It hasn’t been very spring like in the last month despite the sunshine. The cool dry easterly wind has persisted for over a month bringing little rain and taking the moisture from the ground.

Grazing conditions have been superb for the cows and they have milked well so far. But grass growth has been slow, partly due to the cold evenings but the largest problem is the lack of rain.

This years April showers didn’t arrive to provide the warm damp conditions that make spring growth so virile. Instead the grass has grown steadily right through the season so far and been easy to manage.

In a normal spring I would be expecting to take fields from the rotation as growth speeds up and the cows are unable to eat the grass quickly enough. This year however the rotation has remained the same – until now that is.

But I’m not about to take ground out of the rotation, I’m about to add some in. In the first time in my living memory we are going into drought conditions in May. I  can recall plenty of dry springs but none quite like this one.

This is the rainfall from March 1st until May 9th.

After a couple of days rain early in this period there has been little since and that is after a dry Winter. The chart underneath the rain denotes the air pressure which has been high right through, going hand in hand with dry weather. When this will change is anyone’s guess.  but I’m playing safe and have added a silage field back into the rotation.

It’s too tall to graze properly but it should add another three or four days grazing and give the driest pastures more time to recover and grow. There is currently 7 days grass in front of the cows to graze but after that its looking a bit patchy. The last few days has altered things dramatically and the grazed pasture are not recovering like they should.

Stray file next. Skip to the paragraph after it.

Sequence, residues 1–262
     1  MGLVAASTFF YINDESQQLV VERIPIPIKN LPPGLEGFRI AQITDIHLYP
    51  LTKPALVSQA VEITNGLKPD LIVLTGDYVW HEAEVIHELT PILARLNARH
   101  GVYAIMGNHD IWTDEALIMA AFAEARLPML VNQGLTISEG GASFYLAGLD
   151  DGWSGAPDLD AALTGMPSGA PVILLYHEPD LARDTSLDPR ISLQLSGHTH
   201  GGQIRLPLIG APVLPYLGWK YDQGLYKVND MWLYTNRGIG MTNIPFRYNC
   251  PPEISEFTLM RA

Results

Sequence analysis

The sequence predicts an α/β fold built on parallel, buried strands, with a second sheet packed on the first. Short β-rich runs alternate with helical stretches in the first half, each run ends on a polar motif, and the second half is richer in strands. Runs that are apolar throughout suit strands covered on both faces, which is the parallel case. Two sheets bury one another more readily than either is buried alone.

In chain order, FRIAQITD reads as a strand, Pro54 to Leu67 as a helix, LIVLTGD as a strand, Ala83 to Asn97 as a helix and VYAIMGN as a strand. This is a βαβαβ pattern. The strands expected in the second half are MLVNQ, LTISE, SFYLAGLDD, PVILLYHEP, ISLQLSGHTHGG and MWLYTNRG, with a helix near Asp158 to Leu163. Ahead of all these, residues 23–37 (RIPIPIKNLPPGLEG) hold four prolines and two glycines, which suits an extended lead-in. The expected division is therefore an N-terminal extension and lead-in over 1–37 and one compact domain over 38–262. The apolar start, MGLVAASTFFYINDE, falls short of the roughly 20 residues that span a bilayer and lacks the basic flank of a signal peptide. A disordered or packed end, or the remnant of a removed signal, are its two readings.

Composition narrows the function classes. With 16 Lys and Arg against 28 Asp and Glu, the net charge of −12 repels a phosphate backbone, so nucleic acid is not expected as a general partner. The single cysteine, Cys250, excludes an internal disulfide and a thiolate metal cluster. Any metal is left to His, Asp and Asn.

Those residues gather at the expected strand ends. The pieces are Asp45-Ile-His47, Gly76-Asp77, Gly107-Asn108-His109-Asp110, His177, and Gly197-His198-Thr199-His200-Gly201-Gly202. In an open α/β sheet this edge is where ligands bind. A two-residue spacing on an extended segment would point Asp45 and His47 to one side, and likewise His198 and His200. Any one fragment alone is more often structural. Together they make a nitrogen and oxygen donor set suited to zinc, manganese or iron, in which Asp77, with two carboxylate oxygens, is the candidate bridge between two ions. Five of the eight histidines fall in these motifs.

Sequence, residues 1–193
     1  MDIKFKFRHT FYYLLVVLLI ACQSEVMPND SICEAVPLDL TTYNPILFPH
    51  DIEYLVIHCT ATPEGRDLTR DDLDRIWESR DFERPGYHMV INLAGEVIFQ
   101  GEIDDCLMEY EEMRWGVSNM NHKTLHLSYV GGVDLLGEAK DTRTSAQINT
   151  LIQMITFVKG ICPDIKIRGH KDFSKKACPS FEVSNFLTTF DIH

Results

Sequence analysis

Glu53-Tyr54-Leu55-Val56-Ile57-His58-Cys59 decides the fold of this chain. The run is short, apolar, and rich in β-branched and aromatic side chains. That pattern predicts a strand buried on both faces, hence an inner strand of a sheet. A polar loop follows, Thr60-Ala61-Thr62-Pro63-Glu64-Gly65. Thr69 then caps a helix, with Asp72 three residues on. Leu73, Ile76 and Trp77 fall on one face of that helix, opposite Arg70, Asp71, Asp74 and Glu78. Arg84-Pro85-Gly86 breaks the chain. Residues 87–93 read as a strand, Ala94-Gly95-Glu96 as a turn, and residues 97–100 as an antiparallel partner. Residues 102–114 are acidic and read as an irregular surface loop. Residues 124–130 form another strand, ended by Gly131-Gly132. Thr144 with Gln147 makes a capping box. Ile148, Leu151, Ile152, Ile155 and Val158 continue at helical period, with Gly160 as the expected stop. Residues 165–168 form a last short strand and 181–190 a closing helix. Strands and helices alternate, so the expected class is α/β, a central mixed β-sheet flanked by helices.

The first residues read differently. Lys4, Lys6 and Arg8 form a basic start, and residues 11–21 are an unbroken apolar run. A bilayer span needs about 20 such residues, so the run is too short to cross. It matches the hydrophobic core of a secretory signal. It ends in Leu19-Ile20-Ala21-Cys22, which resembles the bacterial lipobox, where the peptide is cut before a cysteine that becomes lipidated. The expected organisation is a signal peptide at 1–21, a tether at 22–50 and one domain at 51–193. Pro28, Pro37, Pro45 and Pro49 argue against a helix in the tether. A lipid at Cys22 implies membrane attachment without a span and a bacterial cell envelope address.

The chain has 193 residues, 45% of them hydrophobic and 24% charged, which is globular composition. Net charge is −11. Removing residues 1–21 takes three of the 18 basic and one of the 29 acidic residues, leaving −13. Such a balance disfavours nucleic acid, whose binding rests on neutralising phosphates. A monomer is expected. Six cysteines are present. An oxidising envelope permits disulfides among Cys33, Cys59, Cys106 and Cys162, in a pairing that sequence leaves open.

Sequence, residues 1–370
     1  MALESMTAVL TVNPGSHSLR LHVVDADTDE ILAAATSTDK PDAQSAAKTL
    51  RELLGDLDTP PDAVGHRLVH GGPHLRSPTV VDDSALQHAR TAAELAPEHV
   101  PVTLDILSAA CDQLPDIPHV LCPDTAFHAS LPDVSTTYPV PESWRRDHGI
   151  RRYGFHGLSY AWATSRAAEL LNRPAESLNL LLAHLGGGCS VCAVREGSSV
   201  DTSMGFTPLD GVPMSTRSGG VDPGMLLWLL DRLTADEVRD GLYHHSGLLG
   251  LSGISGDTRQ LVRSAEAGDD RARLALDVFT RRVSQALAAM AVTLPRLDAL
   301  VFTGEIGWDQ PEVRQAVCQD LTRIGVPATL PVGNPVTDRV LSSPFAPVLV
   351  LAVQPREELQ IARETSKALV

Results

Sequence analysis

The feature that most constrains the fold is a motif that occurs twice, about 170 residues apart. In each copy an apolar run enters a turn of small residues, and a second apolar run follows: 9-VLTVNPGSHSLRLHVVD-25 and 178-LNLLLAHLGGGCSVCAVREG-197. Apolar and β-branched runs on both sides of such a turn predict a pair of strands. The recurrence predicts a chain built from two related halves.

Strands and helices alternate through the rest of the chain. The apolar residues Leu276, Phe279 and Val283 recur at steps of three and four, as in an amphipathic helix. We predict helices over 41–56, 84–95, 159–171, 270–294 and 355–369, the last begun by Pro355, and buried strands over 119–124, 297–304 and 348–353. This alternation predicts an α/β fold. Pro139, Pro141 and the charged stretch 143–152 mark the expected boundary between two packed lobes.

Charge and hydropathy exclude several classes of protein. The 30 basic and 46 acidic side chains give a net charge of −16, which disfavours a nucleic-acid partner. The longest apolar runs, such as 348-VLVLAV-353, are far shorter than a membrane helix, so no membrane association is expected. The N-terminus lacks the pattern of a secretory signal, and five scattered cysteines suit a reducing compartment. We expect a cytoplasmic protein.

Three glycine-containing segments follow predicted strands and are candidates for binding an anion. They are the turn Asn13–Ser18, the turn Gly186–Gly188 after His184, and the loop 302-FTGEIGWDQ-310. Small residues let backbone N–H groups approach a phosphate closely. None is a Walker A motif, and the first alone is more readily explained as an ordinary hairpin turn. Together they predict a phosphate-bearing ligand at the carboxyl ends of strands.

If you looked at the farm you’d probably think it all looks green and lush and think I’m panicking. Maybe I am but the reality is beneath the surface. I’ve dug the turf up in various place across the farm and the soil is very dry. The next forty days will provide the longest days of the year and most daylight hours. Without rain that will crucify the ground and kill grass growth.

The calendar says May but the ground is looking like July.

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Posted in Grazing, The Farm, The weather | Leave a comment

When things go well

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http://www.thebigcowblack.co.uk/blog/2017/04/27/things-go-well/

This is what happens on those rare occasions when animals do what you want. Yesterday they ran through the mobile race like a dream, as we dosed them with wormer.

They then ran straight across a silage field as directed, finding the gate at the other end into the holding pen and waited patiently until we arrived.

Five minutes later we walked them quietly along the track, up the road and into the field.

The whole operation took less than an hour without mishap.

Amazing.

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Tardy turn out

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Rather frustratingly, there are still over 100 animals yet to be turned out. Whilst the cows here have been grazing for over a month now there is still two groups of heifers that are yet to be turned out, as my tenancy doesn’t start until the end of the month.

Whatever my feelings about this late start might be, there is little that can be done about it as the landlord insists he is following the rules laid down by the ministry. Which in this case, demand a months grace between sheep grazing during the winter and my heifers grazing during the Summer.

This leaves me starting the grazing season on the first of May, two months after the grass starts growing. This is way too late for my liking, so the bulk of the heifers have already been turned out onto cow pastures in late March. This in turn means that a larger area of pasture is needed which will taken from silage ground. Consequently silage that would have been made by the farm is made three miles away at my Summer grazing instead which extra requires tractors and trailers to retrieve it during harvest. Not ideal but c’est la vie.

Where does that leave the other hundred or so heifers? Well one bunch are still in a shed at the other end of the village and will have to be transported to the Summer grazing on May 1st and the others are in a building just down the road. There is a patch of grass next door to them that will keep them quiet for a week until they can join the others.